10. Insurance

The majority of new businesses fail. By sharing in the wisdom of others, the CEO can increase the chance of the firm to survive and thrive. By taking this one simple act, CEOs begin to turn the odds in their favor.

“Most executives who join a CEO peer group stay in the program,” says Franzi, who estimates the renewal rate to be 80%. “The reason they remain are as varied as the individual members. But the power of the process is undeniable.”

Article from Georgene Huang in Forbes shares some realities for leaders bringing employees back.

Going Back To Normal When Normal No Longer Exists: A Guide To Inclusive Planning

After spending what feels like a year adjusting to our new way of life, I can’t stop thinking about what returning to the office will look like. Besides being remarkably different from the way we left it, I expect the transition back to “normalcy” will come with many of its own pains. 

We aren’t returning from a long vacation; we’re returning from a global and life-altering health crisis. As Ted Mitchell, president of the American Council on Education, said: “Opening isn’t going to be an event, it will be a process.” The working world will change, so here are four things leaders should consider when making plans:

1. Make a plan that provides adequate options for every employee. 

Some employees will embrace returning to a physical workplace more quickly than others. Many schools and daycares are closed for the remainder of the school year and summer activities have been suspended, so working parents may not be able to jump immediately back into work. In larger cities, inevitable concerns about using public transportation will impact commutes. Some people are caring for parents or relatives and won’t want to risk coming in contact with others and for individuals in good health, there will certainly be lasting anxiety that remains prevalent for months — perhaps even years — to come. 

Not to mention the “one in four Americans [who have] some form of disability, and…are among the most vulnerable population for Covid-19,” according to The Wall Street Journal. “In some ways, the virus only amplifies for others what the experience of having a disability has always been,” Damian Gregory, a 46-year-old consultant and advocate with cerebral palsy, told WSJ. Although stay-at-home orders have seemingly provided an equalizer for the time being, when those orders are lifted, disabled populations will only be put at a greater disadvantage than before.

In industries where remote work isn’t possible, leadership needs to clearly articulate what is being done to protect employees’ health. Make plans so that employees who feel comfortable going back to work can do so, but come up with solutions to accommodate those who aren’t ready or need to take care of others. Prepare managers, HR and IT departments for every employee response. Even then, issues will still arise that you didn’t foresee so it’s vital to remain open to conversations.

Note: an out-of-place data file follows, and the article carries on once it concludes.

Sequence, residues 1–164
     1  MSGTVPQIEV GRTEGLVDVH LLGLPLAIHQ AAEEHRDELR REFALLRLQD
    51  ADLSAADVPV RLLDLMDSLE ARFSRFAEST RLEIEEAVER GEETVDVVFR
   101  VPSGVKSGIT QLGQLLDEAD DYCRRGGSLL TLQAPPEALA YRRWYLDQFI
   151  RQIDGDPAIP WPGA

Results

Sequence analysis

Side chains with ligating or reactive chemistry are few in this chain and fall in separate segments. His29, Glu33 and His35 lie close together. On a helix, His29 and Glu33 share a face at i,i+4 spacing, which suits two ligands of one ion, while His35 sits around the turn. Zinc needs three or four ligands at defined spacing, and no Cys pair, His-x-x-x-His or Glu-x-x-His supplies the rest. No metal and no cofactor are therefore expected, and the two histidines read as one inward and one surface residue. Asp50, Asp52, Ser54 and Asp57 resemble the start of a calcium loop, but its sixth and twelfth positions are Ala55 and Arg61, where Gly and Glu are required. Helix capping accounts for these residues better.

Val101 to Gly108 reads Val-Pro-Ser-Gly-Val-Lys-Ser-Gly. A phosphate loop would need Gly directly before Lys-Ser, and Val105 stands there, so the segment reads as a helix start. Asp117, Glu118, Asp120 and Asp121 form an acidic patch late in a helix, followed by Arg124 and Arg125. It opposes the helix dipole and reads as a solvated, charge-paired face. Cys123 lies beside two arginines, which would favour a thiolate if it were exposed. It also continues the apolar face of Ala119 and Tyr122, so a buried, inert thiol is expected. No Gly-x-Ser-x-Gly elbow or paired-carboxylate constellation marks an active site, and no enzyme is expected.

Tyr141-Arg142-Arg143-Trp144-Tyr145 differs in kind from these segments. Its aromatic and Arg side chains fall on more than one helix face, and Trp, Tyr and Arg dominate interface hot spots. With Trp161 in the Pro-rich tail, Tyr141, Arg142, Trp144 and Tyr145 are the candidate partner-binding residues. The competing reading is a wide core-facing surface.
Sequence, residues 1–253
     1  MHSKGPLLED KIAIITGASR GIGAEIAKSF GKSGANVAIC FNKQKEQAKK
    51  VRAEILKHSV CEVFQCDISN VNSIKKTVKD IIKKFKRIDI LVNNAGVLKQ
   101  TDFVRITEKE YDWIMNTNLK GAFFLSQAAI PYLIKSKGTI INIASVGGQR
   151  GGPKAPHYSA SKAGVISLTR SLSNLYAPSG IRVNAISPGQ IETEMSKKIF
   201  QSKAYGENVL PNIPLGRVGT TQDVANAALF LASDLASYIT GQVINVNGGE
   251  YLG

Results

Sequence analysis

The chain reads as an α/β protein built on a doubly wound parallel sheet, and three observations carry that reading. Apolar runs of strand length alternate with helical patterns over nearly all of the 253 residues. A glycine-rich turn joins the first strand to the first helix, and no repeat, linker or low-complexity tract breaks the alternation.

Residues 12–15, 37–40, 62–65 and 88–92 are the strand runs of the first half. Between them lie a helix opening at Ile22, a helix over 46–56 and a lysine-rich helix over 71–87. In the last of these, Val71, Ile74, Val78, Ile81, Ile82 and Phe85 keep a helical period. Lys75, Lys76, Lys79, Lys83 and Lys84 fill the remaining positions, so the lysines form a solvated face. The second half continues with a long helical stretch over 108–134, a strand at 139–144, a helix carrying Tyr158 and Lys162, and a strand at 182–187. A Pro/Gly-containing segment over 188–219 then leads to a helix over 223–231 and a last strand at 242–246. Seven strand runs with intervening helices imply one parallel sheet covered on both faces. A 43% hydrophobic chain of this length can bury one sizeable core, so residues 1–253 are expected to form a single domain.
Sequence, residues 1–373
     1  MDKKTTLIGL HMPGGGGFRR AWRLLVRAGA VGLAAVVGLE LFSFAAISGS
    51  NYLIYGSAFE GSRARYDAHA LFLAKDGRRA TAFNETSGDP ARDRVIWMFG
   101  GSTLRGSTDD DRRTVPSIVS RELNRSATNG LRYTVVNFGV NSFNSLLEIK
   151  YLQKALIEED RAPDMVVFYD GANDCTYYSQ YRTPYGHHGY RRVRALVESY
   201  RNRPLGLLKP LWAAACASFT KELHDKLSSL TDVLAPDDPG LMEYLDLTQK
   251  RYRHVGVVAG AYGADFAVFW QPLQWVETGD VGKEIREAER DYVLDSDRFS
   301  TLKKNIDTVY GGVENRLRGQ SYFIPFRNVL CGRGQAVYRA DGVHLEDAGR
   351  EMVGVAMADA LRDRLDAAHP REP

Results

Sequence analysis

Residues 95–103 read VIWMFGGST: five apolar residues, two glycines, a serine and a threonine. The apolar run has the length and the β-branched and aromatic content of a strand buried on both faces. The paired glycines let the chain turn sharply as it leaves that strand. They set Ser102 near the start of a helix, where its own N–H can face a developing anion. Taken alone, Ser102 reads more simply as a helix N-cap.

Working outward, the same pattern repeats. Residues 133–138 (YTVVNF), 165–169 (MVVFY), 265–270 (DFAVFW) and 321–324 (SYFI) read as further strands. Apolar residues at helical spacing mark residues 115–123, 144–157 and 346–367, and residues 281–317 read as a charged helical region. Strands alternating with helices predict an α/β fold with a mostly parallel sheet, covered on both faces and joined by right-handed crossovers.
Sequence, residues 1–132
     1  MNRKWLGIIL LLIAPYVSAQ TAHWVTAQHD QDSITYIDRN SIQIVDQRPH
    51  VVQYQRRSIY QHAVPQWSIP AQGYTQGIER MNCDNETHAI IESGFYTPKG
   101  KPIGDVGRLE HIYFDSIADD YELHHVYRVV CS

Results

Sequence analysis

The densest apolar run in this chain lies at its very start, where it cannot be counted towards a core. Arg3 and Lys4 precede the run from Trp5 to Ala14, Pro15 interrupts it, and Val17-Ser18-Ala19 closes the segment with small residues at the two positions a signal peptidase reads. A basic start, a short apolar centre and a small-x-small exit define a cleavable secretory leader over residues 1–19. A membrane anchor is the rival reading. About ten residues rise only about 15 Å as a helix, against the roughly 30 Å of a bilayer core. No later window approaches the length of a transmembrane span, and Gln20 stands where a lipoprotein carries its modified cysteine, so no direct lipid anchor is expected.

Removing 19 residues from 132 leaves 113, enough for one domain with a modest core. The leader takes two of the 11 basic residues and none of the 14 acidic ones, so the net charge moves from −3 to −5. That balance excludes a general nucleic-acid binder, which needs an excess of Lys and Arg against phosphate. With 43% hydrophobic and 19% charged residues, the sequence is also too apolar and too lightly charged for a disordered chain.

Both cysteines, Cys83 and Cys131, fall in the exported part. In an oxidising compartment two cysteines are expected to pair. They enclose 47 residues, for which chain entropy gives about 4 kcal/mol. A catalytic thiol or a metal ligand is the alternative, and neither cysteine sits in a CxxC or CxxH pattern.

What accommodations employers are legally obligated to make is a major consideration, but beyond that, there are moral and health decisions that employers never imagined they’d have to make. And what impact will these decisions have on morale and corporate culture? Balancing everyone’s needs with business decisions isn’t simple, but in a knowledge economy, employee job satisfaction is highly correlated with productivity and business outcomes.

2. Managers may need to get personal and offer emotional support.

For the past few months, and foreseeable future, employees are bringing their entire selves to work because they have no other option. They’re working from home, managing children, struggling to keep their mental (and physical) health in check, taking care of relatives, and sometimes taking on additional work as layoffs and furloughs ripple through industries. 

On top of that, employees will be coming back from months of experiencing high stress and anxiety and will likely confront symptoms of burnout (if not already feeling burnt out).This isn’t the time to refrain from asking employees what they’re feeling. It will be particularly difficult for people – like myself – who try to compartmentalize their personal and professional lives. If employees feel comfortable opening up, you can better manage expectations on both sides. You may have to work harder at earning individuals’ trust, but it will be easier if your plan is transparent and you offer empathy throughout. 

3. Don’t expect things to return to what they used to be. 

Many workplaces will be returning with fewer employees than before, but with continued health, business and economic stressors. The entire workplace dynamic may become more complex as certain employees return to the office and others remain remote. When everyone works remotely, all workplace relationships are equally distant, providing everyone with the same challenges and opportunities. When a handful of employees go back to the office it’s going to take extra effort to ensure that remote employees are still included in meetings, conversations, and generally kept “in-the-know.” 

There’s also the physical element of returning to workspaces. How can you rearrange office layouts to accommodate for additional space between employees? Leaders may need to think about staggering the days when people come into the office and consider hiring additional cleaning crews (whose safety they also need to keep in mind) to keep things sanitized.